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Theories about emotional development in early childhood

Updated July 19, 2017

A child constantly learns and develops as she grows. It can be beneficial to understand what your child is capable of understanding at a given point in her life. The emotional development of a child is just as crucial to her overall outcome as is her physical development. Through the years, many people have contributed theories as to what is an accurate portrayal of early childhood development in regard to emotional well being.

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Erik Erikson, a psychiatrist, developed Eight Stages of Development. Stage one pertains to early childhood development. The first stage is called "Learning Basic Trust Versus Basic Mistrust." Simply stated, Erikson believed that if a child was treated well and love and nurtured when young, he would grow to be that same type of loving individual. He believed the opposite to be true as well, that if a child were mistreated, he would grow to be mistrustful and would not be secure of himself.

Speech and Emotional Development

As a child is exposed to more language she also learns to better verbalise her emotions. This is important as it allows the child to show others around her specifically what she is feeling. Instead of just crying when something is wrong, the child can speak and verbalise the precise issue and the parents and begin to create a solution to this problem. If a child is unable to verbalise her emotions, it is thought to slow the emotional development.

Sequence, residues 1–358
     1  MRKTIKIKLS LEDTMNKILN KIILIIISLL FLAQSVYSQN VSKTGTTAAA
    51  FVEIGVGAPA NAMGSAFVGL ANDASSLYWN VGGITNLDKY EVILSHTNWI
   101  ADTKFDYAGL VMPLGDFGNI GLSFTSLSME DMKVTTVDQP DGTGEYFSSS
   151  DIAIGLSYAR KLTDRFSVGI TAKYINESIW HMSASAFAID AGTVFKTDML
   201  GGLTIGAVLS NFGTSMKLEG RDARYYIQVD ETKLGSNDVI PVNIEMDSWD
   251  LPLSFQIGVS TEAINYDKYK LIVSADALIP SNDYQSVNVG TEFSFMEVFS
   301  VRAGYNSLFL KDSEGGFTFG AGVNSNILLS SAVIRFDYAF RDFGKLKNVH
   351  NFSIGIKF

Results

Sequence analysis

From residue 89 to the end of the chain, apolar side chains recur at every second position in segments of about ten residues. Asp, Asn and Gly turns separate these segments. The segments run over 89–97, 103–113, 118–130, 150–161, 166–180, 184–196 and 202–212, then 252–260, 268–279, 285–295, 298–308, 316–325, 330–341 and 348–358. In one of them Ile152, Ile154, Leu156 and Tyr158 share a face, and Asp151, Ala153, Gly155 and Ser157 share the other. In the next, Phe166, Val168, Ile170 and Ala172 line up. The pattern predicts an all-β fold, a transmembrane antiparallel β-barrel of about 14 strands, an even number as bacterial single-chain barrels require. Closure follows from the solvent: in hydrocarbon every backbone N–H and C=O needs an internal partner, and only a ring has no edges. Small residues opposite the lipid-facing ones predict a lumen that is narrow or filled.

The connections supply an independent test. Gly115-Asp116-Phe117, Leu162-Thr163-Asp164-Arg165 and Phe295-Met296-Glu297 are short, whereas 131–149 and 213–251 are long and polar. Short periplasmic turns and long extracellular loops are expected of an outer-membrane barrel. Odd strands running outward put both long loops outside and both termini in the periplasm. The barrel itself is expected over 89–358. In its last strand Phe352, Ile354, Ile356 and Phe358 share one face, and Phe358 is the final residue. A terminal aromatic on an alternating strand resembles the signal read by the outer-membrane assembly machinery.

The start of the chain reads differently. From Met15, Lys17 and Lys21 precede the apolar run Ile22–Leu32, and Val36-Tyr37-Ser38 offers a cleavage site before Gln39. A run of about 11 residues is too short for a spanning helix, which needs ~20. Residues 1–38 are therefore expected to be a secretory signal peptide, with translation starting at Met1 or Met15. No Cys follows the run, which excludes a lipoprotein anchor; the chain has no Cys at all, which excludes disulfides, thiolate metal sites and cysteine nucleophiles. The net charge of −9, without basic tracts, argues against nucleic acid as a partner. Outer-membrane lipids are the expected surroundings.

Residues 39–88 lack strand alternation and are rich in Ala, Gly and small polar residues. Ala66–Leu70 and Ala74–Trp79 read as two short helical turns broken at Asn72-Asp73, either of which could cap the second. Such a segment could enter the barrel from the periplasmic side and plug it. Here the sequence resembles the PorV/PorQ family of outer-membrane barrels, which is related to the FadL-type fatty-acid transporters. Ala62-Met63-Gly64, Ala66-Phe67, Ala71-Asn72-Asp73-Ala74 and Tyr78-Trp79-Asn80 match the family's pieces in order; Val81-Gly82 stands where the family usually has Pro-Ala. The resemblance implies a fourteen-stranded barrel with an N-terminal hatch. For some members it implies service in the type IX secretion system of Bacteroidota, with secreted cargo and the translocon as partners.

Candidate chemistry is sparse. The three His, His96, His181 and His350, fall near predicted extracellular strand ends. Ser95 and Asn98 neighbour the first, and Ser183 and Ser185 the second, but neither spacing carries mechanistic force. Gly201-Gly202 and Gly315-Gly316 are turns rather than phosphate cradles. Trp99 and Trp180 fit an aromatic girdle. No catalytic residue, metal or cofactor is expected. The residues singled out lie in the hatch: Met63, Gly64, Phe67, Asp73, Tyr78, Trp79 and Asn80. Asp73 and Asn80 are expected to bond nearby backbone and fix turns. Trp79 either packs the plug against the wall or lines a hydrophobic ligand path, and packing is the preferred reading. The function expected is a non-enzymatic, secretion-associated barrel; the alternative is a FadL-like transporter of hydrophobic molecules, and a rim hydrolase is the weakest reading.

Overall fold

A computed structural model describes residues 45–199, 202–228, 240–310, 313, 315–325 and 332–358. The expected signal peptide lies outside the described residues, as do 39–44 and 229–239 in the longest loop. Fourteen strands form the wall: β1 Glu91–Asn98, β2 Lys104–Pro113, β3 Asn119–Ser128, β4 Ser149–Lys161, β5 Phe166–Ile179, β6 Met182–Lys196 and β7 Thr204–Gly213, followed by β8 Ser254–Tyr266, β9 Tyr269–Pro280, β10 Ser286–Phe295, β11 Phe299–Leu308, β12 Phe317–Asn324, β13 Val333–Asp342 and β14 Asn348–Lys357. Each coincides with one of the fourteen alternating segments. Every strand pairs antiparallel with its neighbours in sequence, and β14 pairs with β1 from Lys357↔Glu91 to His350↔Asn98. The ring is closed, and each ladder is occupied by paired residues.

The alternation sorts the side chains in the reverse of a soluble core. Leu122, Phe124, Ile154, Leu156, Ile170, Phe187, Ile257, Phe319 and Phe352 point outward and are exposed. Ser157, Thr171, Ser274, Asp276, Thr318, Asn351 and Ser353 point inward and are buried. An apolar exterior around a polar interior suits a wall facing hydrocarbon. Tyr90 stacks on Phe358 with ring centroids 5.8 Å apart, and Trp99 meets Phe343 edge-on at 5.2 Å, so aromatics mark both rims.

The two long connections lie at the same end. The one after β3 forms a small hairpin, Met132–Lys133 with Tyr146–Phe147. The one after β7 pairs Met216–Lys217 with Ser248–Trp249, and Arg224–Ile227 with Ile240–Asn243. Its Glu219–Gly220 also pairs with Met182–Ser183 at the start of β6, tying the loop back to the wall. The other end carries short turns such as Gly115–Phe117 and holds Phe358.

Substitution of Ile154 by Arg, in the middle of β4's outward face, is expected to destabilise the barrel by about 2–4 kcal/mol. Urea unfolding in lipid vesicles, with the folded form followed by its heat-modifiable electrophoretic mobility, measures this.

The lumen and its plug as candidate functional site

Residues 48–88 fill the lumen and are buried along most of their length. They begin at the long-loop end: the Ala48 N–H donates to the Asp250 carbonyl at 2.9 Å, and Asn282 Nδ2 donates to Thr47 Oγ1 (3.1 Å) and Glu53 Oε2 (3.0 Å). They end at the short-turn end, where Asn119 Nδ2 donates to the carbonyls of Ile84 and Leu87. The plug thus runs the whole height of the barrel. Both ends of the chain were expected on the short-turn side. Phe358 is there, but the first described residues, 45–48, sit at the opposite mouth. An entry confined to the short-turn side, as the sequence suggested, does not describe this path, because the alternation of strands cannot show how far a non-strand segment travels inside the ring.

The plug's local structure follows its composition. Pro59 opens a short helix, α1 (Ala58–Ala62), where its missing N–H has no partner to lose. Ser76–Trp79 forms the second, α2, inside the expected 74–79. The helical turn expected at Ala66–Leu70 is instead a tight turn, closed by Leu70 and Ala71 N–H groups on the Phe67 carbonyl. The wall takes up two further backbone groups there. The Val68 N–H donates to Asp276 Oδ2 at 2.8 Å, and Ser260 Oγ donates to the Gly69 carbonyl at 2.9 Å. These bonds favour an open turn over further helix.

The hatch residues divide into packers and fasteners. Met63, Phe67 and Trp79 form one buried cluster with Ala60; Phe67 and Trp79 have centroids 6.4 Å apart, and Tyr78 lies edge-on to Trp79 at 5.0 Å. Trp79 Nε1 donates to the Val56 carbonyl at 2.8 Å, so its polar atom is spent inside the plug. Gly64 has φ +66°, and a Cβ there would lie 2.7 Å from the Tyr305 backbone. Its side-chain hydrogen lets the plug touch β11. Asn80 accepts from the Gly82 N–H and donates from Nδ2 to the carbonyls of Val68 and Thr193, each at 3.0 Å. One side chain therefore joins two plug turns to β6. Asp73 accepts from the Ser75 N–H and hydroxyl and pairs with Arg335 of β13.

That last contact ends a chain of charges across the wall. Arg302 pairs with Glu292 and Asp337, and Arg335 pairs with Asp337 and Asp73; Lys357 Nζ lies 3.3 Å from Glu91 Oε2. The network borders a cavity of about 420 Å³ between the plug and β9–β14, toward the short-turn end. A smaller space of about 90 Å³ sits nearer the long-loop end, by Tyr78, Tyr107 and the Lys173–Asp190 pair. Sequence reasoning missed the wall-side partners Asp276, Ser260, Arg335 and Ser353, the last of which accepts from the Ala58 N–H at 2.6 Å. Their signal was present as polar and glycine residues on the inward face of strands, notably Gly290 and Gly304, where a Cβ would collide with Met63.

Game playing is not merely good for a child's creativity and physical development, but also for the emotional development. Learning to play with other children will allow a child to learn and understand better the appropriate ways to interact with others. Managing emotions while in social settings is a tough lesson for some children to learn, and some adults for that matter. Playing alone is important as well, as it teaches a child to be independent and comfortable with himself.


Jean Piaget believed that a child learn through a combination of biological factors as well as through her environment. It should be noted then, that a child's development not only requires attention to her biology and inherited traits, but also to the environment in which she is being raised. A child being raised in a happy home, in theory, should be happy. But Piaget would argue that it is possible for this child to still be emotionally unhappy if she is biologically predetermined to be a sad individual.

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About the Author

Laura Simpson

Laura Simpson began writing in 2010. She has been published on various websites, specializing in politics, music and child development. Simpson holds a Bachelor of Arts in political science with minors in psychology and music from Indiana University.

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